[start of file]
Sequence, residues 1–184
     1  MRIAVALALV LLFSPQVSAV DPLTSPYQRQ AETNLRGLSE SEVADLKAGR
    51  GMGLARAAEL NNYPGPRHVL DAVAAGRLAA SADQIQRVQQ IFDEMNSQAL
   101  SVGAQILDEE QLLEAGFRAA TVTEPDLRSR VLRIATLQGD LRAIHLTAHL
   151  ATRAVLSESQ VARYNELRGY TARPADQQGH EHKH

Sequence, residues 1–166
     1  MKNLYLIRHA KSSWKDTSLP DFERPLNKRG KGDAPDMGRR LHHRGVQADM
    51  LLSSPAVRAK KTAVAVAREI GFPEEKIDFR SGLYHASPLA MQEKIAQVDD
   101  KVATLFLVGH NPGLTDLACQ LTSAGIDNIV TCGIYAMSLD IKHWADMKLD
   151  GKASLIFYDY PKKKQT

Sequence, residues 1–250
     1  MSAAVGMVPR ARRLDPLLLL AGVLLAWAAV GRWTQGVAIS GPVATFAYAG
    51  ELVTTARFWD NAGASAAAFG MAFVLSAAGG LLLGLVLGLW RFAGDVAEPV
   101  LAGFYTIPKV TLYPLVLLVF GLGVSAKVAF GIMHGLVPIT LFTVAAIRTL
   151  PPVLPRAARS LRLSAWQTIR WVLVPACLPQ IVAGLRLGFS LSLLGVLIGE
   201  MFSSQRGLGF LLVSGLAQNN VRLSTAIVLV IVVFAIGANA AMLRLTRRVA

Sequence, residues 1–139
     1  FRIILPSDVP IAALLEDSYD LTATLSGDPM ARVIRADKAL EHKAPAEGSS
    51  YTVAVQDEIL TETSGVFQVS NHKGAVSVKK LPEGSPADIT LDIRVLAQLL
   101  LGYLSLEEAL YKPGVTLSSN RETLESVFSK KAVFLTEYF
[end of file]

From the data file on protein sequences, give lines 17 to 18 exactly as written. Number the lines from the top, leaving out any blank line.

Sequence, residues 1–139
     1  FRIILPSDVP IAALLEDSYD LTATLSGDPM ARVIRADKAL EHKAPAEGSS